David Tumlinson is the new Texas Southmost College director of Foundation and Community Outreach. Over the past two decades, Tumlinson has worked as the deputy director for the Cameron County Juvenile Justice Department in San Benito, where he began as a probation officer in 2001.
“I’m excited to begin in this new role at this stage of my life,” said the Brownsville native. “I’m in a position to make a difference and propel success. Everything we do at TSC changes lives and positively affects local families. This is what I live for.”
With a heart for giving back and effecting change, working with juveniles within the criminal justice system was his chance to make a difference.
“For me it was about helping lost youth,” he said. “I made it my job to ensure they kept on a straight and narrow path and that they remained safe. I wanted to see them make a life for themselves and leave behind the unfortunate events that life dealt them.”
Educating and Reaching Out
During his career, Tumlinson also worked as the operations manager and facility administrator at the Darrell B. Hester Juvenile Detention Center in San Benito.
Tumlinson said he knows he only led a successful and rewarding career because of his education. He wants to make those same opportunities available to South Texas students.
In 2002, he earned a Bachelor of Arts in Political Science with a minor in Public Justice from St. Mary’s University. He then earned a Master of Science in Criminal Justice Leadership and Management from Sam Houston State University in 2015.
In 2016, he became an online adjunct instructor with Sam Houston State, teaching Juvenile Delinquency and Juvenile Justice. He is still teaching Victimology and Fundamentals of Criminal Justice.
“Education is important,” said Tumlinson. “It helps you find a path, and that’s what TSC is doing for the thousands of students who graduate from the college. I want to work to ensure that many more are able to have TSC as part of their legacy and I’ll do that by making sure there are scholarships to help these students pay for the education they seek.”
A Successful Fundraiser
Tumlinson has also used his skills in developing successful grant and fundraising campaigns. Both his places of employment and local charity organizations have been benefactors.
In 2019, he successfully wrote a grant proposal for the Texas Juvenile Justice Department to fund the implementation of the Dialectical Behavior Therapy Training Program for $500,000.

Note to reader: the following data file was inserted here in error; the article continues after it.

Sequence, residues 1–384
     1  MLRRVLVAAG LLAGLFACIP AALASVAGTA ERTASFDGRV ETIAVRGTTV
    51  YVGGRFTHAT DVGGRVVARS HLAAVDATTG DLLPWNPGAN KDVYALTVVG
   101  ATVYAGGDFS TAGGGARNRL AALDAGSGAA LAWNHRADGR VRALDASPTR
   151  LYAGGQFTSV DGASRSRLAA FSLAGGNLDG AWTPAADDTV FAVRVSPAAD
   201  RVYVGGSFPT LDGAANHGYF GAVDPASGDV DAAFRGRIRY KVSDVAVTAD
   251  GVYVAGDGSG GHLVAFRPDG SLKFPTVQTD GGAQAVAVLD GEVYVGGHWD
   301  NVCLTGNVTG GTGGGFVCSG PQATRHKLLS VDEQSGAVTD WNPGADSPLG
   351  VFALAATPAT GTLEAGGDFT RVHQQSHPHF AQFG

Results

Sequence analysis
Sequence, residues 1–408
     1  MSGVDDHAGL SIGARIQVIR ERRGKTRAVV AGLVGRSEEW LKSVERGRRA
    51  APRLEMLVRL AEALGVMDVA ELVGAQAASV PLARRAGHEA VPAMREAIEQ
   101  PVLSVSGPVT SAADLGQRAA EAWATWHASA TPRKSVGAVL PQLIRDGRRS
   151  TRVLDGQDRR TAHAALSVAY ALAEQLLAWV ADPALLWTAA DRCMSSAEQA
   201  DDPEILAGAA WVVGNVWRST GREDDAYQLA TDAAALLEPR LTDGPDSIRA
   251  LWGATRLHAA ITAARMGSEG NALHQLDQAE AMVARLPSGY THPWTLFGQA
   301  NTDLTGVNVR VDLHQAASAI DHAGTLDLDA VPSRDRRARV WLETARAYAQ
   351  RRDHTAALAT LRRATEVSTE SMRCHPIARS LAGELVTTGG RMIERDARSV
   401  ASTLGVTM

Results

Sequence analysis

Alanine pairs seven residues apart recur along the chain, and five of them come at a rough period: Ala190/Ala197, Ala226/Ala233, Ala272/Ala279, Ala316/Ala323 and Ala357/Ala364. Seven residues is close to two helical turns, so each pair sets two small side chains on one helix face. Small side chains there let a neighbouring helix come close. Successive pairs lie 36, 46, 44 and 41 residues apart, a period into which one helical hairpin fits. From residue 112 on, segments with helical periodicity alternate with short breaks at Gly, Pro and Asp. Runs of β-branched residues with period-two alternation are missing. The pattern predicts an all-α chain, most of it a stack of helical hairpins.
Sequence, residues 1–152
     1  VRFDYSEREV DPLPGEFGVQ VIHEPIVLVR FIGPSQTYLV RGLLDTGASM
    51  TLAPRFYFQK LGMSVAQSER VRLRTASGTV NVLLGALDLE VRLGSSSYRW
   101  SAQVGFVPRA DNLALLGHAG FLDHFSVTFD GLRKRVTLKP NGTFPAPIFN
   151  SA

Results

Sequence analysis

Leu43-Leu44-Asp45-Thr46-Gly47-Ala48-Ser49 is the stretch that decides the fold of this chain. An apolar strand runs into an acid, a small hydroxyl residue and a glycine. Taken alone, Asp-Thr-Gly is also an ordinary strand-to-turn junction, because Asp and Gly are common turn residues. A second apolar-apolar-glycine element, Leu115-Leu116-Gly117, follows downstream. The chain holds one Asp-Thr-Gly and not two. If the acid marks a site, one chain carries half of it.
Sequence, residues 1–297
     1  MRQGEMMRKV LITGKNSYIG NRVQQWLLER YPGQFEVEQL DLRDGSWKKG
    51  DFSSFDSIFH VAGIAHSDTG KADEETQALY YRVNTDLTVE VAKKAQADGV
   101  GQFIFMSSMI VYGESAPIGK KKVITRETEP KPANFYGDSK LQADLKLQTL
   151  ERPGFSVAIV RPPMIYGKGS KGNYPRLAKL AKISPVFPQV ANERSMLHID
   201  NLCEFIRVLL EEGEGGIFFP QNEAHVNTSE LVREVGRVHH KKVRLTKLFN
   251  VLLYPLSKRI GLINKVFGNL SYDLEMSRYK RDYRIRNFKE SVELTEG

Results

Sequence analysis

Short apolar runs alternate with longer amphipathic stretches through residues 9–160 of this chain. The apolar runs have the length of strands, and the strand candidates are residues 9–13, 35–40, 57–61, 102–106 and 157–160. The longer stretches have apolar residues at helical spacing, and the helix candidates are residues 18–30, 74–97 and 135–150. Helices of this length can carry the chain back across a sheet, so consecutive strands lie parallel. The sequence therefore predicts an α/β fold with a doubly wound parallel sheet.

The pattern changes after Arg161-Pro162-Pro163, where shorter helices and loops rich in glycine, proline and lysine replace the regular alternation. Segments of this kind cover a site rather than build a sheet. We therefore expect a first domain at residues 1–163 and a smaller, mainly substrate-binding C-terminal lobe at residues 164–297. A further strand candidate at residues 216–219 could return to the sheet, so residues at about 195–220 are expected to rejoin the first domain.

He has also served as board president for Moody Clinic in Brownsville and Leadership Brownsville. He was also a board member for the United Way of Southern Cameron County. Here, he was instrumental in fundraising, assisting in bringing in more than $13.5 million dollars.
Tumlinson currently serves on two boards, Mr. Amigo Association and the Juvenile Justice Association of Texas. He is also the safety co-coordinator for the Cameron County Juvenile Justice Department in conjunction with the Cameron County Safety Committee and Rancho Viejo Alderman.
For his fundraising efforts and volunteer work, Tumlinson has received several awards. These include Employee of the Year for the Cameron County Juvenile Justice Department, Leadership Brownsville Alumnus of the Year and Volunteer of the Year for the United Way of Southern Cameron County.
“TSC is a new adventure within my extensive career and volunteer work, and I look forward to raising awareness of the workforce training and academic programs TSC offers and showcasing how our scholarships make a difference in lives,” said Tumlinson. “I’m fortunate that TSC has a strong Board of Trustees and administration that believe in the scope of this mission.”
Tumlinson hopes to create signature events that bring in funds for student scholarships and raise awareness on how donors are making a positive change in the lives of TSC students and graduates.
“The return of investment that happens when donors help our students is astronomical,” he said. “Our scholarship fund is what helps students continue their education, graduate and gain employment, which in turn pushes the Lower Rio Grande Valley forward.”